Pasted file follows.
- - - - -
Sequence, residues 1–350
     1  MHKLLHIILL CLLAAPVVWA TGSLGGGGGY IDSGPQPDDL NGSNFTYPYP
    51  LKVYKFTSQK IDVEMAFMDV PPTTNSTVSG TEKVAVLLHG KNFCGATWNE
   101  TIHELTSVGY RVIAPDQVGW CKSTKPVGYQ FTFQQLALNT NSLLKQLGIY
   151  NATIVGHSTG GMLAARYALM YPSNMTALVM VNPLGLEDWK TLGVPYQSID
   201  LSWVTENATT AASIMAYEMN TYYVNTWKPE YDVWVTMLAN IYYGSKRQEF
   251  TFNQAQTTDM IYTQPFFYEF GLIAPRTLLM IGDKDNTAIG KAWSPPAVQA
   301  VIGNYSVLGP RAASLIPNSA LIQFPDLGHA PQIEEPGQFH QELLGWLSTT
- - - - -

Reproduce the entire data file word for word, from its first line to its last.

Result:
Sequence, residues 1–350
     1  MHKLLHIILL CLLAAPVVWA TGSLGGGGGY IDSGPQPDDL NGSNFTYPYP
    51  LKVYKFTSQK IDVEMAFMDV PPTTNSTVSG TEKVAVLLHG KNFCGATWNE
   101  TIHELTSVGY RVIAPDQVGW CKSTKPVGYQ FTFQQLALNT NSLLKQLGIY
   151  NATIVGHSTG GMLAARYALM YPSNMTALVM VNPLGLEDWK TLGVPYQSID
   201  LSWVTENATT AASIMAYEMN TYYVNTWKPE YDVWVTMLAN IYYGSKRQEF
   251  TFNQAQTTDM IYTQPFFYEF GLIAPRTLLM IGDKDNTAIG KAWSPPAVQA
   301  VIGNYSVLGP RAASLIPNSA LIQFPDLGHA PQIEEPGQFH QELLGWLSTT